Everything you see is wild, grotesque, unnatural, forbidding, utterly wanting in verisimilitude, an refinement, with nothing to purify and raise the people, with everything fitted to pervert their tast and lower their character -James Kennedy, London Missionary Society
Benares is holy. Europe, grown superficial, hardly understands such truths anymore. I feel nearer here than I have ever done to the heart of the world; here I feel every day as if too soon, perhaps even to-day. I would receive the grace of supreme revelation…the atmosphere of devotion which hands above the river is improbable in its strength; stronger than in any church that I have ever visited. Every would-be Christian priest would do well to sacrifice a year of his theological studies in order to spend this time on the Ganges: here he would discover what piety means. – Count Hermann Keysering visiting Benares in the 1920’s.
So those are…two feelings about Benares. I don’t know that I share either of them. But I do know that I saw Benares, like I see many Indian cities, from the back of a car. That’s not to say I don’t walk, because I do, or that Benares isn’t walkable, although it’s really not, but the concept of a city being walkable, being a nice place to walk, being walking oriented, is not, to my knowledge, apparently part of the concept of an Indian city. Which is ironic given how many people must walk, how many people can afford nothing else.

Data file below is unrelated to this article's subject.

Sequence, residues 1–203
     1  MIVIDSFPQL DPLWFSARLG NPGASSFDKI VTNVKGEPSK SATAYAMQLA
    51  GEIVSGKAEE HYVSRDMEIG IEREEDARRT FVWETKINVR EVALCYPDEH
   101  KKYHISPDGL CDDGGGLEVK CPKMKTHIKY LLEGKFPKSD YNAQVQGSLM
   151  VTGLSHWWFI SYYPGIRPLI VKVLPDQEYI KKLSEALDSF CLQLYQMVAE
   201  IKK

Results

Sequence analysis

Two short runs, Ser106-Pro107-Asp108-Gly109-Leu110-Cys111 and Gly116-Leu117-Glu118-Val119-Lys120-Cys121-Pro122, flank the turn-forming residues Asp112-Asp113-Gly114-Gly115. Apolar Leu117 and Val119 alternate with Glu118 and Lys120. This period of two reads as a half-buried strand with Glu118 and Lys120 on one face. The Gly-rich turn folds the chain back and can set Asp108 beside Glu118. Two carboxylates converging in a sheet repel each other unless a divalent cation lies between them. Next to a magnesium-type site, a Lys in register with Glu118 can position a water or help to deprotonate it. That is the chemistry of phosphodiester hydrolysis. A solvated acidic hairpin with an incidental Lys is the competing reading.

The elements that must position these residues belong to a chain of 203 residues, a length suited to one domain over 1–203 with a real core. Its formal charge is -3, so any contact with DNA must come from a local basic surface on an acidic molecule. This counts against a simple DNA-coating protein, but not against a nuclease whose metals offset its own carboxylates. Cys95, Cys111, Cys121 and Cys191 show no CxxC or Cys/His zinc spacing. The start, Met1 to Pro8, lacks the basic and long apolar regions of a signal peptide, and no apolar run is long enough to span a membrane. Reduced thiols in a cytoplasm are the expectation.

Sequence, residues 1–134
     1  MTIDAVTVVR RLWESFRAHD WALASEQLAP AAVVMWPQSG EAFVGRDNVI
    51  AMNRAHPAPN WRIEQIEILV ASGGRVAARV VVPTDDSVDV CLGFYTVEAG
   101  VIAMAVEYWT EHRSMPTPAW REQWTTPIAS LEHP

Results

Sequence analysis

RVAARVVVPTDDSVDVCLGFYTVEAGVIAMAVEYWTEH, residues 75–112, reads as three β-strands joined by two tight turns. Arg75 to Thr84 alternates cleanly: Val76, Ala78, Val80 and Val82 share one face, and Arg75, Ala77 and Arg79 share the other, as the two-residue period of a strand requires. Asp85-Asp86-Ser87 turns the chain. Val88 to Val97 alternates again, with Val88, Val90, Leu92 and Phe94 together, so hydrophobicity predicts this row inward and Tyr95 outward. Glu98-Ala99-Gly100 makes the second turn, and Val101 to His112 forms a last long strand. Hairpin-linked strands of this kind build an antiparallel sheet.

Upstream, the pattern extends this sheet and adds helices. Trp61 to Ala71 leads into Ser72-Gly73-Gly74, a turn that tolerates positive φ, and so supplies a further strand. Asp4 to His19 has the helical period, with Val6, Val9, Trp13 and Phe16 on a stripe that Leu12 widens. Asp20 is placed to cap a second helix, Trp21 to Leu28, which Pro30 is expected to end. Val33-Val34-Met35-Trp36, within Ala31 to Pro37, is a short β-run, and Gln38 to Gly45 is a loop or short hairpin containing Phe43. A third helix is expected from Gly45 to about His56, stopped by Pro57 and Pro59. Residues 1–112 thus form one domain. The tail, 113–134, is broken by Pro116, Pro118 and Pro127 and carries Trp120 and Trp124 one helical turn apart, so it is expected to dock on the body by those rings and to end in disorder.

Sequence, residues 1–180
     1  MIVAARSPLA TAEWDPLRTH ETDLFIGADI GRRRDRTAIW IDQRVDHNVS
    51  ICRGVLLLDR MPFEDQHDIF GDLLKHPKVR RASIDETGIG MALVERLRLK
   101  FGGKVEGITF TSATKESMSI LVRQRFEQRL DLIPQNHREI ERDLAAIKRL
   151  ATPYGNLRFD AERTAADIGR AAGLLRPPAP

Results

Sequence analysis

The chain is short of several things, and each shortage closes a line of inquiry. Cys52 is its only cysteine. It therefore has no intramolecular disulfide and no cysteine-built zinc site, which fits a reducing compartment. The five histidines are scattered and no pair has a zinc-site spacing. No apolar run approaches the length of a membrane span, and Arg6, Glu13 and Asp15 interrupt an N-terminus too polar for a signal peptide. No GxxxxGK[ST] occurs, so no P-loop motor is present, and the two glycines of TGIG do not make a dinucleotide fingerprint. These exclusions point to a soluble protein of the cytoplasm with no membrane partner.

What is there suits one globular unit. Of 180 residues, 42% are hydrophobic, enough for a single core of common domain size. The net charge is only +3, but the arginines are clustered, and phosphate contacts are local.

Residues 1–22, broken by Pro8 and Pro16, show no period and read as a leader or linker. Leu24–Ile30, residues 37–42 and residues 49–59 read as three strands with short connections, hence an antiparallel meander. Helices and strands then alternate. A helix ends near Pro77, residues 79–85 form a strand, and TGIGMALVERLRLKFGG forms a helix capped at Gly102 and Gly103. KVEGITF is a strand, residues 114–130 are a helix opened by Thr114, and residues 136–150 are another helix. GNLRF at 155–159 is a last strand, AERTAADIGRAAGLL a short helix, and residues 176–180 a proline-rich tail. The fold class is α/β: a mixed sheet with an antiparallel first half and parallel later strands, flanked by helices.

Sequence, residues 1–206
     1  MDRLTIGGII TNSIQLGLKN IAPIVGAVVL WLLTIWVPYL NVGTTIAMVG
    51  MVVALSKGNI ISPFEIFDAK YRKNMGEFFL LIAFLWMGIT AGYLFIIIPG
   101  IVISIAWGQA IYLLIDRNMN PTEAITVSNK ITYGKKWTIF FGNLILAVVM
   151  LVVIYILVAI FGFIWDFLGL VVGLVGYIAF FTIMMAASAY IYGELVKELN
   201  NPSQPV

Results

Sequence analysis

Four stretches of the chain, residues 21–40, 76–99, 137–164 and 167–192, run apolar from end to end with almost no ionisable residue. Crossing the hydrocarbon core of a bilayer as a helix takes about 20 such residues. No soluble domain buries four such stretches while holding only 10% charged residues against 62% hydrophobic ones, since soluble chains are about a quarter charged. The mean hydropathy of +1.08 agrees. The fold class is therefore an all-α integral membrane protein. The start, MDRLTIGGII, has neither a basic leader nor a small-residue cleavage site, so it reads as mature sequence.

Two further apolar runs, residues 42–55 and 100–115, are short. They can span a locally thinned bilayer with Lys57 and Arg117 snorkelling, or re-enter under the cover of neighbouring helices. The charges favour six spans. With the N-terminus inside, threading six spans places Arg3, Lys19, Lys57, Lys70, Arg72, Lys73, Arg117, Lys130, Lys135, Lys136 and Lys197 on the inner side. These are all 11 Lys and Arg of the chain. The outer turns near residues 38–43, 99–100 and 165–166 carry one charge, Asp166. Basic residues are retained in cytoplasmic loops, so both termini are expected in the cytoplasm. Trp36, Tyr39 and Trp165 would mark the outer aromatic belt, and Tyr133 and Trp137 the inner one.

When people ask me about India, the thing I always end up talking about is the contrast, the proximity, the claustrophobic and troubling quality that sees slums next to million dollar properties next to temples next to schools next to bars next to sewage. In the West we hide our poverty, it is true, and our poverty looks different, and our middle class looks different, and there aren’t quite so many things in between, but here there are no words that I know of in English to describe each rung on the social ladder, each incremental step that separates people from each other. But the separation between many people and me could not be clearer, it’s the glass of the car I’m in as I watch the city slide by.
The photos here may look, you might feel, cliché, like all the photos people take when they go to India. And that’s totally fine. Because these are the things you see in every Indian city I’ve been to so far, and that’s why I photographed them.
I usually spend a lot of time on this blog, and all my blogs, talking, but this time I will duck out early and leave you with a lot of photos. And if they are cliché, at least I know they will be used by many people when googling india+images, so…I’m basically famous already.